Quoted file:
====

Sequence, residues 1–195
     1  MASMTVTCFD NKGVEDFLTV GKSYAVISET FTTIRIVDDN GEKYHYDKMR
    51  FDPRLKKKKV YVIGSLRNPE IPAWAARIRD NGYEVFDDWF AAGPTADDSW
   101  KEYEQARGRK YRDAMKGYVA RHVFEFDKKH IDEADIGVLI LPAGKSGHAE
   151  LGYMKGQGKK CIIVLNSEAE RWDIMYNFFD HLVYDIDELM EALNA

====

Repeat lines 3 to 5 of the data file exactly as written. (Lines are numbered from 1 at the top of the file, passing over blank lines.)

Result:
    51  FDPRLKKKKV YVIGSLRNPE IPAWAARIRD NGYEVFDDWF AAGPTADDSW
   101  KEYEQARGRK YRDAMKGYVA RHVFEFDKKH IDEADIGVLI LPAGKSGHAE
   151  LGYMKGQGKK CIIVLNSEAE RWDIMYNFFD HLVYDIDELM EALNA